Is your network infrastructure intentional or unintentional?
Think about it. How do you enable disparate systems to share data?
Of course, the easiest way to achieve that goal is to put everything on the same network. And that’s not an uncommon occurrence.
For convenience, an organization may decide to move forward with a flat, unsegmented network – where information is freely exchanged. More commonly, an unsegmented network is an unintentional result of a legacy infrastructure that has expanded over time without benefit of VLANs, firewalls and other boundaries.
The problem with unsegmented networks
Regardless of the cause, an unsegmented network may enable easy access and communication – but it does so with a hefty price.
First, a flat, unsegmented network infrastructure exposes both non-critical and critical data equally to cybersecurity risk. Without network boundaries or access limitations, attackers can exploit the most vulnerable points of entry and move deeper into the network or anything connected to it.
Content at risk could range from manufacturing and recipe information – to clinical trial data, pricing and marketing strategies.
Additionally, an unsegmented network is typically an inefficient network. Companies may not initially be aware of network performance issues simply because they can still run their operation. But as systems are updated and new capabilities are added, network traffic increases, network collisions and slowdowns occur more frequently – and production issues often surface.
Have you or someone you know ever lost data…or system visibility? It happens.
As part of a defense-in-depth approach, network segmentation – or splitting a network into smaller networks – can help mitigate unnecessary broadcast traffic and limit what is immediately available to an attacker.
Building segmentation into your system
Did you consider network design and performance when you built your automation system? And how do you incorporate segmentation to help limit the reach of a potential breach and improve network performance?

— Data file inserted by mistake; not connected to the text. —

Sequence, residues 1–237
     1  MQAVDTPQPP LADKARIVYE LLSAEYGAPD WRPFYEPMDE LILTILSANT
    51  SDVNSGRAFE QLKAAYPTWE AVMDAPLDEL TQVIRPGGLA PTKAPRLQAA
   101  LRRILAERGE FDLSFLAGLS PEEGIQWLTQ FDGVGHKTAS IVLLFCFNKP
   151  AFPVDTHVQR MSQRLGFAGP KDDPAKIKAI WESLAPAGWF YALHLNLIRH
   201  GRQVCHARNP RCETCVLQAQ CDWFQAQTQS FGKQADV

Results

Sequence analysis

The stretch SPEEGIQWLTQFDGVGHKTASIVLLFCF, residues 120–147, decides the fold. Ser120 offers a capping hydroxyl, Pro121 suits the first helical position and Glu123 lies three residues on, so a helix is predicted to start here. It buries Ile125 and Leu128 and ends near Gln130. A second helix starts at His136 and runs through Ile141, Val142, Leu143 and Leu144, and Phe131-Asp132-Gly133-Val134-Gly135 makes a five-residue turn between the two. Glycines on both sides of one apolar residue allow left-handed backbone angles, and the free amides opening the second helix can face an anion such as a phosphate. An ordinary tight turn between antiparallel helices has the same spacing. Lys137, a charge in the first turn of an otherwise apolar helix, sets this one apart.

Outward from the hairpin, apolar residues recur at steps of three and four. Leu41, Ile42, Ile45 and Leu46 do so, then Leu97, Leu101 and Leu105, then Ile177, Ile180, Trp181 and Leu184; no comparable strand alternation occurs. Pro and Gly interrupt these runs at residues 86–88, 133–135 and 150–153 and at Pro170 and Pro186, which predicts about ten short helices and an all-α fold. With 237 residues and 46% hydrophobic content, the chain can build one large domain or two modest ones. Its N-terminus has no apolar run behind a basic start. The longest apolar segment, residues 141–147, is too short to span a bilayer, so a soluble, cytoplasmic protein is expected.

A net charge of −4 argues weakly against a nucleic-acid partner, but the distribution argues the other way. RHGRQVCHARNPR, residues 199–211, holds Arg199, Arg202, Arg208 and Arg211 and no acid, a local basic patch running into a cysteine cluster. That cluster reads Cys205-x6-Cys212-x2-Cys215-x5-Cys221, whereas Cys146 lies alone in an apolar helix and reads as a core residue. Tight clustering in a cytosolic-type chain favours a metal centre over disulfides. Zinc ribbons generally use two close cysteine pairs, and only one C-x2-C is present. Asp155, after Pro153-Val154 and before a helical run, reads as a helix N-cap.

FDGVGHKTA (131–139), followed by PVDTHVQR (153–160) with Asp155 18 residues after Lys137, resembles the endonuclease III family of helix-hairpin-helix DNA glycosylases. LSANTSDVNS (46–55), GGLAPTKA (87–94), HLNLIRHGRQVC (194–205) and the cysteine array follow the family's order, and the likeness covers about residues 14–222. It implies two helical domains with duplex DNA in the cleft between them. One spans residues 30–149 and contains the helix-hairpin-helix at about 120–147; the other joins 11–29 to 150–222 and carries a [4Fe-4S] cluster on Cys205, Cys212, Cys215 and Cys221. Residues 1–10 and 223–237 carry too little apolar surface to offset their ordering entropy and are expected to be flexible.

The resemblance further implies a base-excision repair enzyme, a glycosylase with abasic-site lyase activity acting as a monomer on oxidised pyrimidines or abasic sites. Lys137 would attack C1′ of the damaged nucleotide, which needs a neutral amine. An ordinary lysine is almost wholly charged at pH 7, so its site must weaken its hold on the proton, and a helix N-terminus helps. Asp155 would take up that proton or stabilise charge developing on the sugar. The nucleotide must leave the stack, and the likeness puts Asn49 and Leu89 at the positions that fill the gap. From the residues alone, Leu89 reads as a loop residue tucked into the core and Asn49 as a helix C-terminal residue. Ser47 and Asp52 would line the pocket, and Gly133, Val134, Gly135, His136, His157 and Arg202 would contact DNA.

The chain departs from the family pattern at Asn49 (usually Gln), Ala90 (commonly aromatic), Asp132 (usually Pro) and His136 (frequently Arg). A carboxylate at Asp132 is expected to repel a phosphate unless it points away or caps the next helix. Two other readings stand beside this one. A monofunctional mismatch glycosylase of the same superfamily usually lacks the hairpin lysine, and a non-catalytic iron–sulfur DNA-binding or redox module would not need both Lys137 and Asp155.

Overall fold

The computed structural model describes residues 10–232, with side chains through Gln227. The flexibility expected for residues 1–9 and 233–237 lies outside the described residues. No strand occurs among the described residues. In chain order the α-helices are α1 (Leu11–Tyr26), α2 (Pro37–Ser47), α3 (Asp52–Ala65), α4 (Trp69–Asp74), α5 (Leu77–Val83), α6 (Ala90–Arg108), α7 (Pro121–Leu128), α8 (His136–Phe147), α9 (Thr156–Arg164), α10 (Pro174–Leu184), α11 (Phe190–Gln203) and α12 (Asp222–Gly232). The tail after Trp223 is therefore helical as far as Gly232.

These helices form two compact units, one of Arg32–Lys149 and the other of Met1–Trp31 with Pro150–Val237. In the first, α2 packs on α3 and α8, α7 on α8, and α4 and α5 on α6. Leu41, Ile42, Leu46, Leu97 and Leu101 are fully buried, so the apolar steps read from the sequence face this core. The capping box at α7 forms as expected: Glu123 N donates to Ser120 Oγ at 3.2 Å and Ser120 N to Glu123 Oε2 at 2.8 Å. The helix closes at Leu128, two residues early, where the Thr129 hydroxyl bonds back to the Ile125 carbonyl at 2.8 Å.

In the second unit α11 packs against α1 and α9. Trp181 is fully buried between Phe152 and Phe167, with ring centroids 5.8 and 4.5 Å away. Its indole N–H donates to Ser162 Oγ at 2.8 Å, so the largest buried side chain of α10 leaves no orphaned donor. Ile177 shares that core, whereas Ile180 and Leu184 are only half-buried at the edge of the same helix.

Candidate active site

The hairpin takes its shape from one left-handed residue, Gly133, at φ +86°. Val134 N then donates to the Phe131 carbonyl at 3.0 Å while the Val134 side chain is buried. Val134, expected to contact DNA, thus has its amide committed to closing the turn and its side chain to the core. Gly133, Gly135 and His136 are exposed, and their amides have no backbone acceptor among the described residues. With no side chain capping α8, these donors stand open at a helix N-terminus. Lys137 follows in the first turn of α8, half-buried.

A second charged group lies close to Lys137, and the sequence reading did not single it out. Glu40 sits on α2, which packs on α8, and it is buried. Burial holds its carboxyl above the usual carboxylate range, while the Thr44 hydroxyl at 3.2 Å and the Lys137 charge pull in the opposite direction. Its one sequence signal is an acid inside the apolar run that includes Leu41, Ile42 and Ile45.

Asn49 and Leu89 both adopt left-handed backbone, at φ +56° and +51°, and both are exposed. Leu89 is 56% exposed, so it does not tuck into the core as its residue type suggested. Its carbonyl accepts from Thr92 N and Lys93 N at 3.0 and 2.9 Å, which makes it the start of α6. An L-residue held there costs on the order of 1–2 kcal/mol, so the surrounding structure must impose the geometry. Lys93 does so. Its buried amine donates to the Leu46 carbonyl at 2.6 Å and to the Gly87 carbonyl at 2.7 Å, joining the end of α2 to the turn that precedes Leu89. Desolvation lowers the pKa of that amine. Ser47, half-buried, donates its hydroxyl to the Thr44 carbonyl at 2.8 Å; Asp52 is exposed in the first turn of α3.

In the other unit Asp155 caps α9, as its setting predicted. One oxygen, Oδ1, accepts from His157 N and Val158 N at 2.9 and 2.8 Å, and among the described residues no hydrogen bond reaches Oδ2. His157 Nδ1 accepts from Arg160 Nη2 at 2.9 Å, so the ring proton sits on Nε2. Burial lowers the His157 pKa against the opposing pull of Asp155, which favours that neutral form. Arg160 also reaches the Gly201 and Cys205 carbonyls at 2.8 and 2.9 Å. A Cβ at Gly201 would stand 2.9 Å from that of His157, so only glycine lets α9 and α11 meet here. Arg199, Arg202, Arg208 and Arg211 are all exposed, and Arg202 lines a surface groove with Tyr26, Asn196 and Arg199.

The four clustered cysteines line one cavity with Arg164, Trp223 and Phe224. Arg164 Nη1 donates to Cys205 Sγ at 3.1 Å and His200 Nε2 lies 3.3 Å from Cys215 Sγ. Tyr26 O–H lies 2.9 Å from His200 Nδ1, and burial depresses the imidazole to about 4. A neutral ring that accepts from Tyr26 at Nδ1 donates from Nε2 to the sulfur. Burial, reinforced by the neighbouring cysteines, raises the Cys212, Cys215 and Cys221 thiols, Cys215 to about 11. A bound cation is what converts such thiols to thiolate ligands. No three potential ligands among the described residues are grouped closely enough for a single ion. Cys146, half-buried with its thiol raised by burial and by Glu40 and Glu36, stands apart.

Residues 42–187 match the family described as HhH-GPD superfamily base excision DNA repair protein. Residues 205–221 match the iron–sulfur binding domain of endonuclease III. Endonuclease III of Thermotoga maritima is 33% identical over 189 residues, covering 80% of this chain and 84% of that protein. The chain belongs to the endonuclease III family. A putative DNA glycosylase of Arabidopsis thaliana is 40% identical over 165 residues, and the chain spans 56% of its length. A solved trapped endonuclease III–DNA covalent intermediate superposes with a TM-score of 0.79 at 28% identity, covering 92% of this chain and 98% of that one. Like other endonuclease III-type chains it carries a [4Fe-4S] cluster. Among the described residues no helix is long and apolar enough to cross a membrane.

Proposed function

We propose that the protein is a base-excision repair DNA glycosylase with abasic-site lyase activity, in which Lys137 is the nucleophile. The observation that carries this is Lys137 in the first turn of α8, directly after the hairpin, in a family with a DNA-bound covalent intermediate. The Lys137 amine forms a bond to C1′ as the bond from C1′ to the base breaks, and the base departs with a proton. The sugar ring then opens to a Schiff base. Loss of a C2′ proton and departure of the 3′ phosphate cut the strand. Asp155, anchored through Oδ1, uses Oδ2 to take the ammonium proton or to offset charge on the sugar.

In my experience, most life sciences companies are great at managing their production processes. But many just don’t realize how the options they’ve chosen impact the network infrastructure. As a result, they may be unaware of the content scope and traffic patterns in their existing infrastructure – and potential risks and performance limitations.
A system audit can help you gain a better understanding of what content is included in your system, how devices communicate and how information travels. As a first step, a system audit will provide you with the foundational information you need to identify potential risks and evaluate performance improvements.
Once an audit is complete, conducting a risk assessment aligned with IEC 62443 guidance is an industry best practice that can lead you down the right path to better network design and segmentation.
IEC 62443 is a series of international standards that provide a flexible framework to address and mitigate current and future security vulnerabilities in industrial automation and control systems (IACS). Specifically, IEC 62443-3-2 provides risk assessment guidelines.
A risk assessment will provide a picture of your current security posture and what you need to do to achieve an acceptable risk state.
No doubt, you will find that different areas in your system have different security needs. The risk assessment will help you make reasonable decisions regarding the level of risk you’re willing to take to implement new technologies – and how to segment your network logically to achieve both security and productivity goals.
Depending on your requirements, you may choose multiple segmentation methods including access control lists, firewalls, VLANS, industrial demilitarized zones (IDMZ), and other technologies.
Securing your connected facility
Keep in mind, network segmentation is just one of many practices recommended as part of a defense-in-depth approach to cybersecurity. An effective strategy includes multiple layers of protection ranging from physical security devices as simple as doors to sophisticated electronic and procedural safeguards.
And an effective strategy is an ongoing process that requires not only thoughtful design, but also active intervention – and maintenance.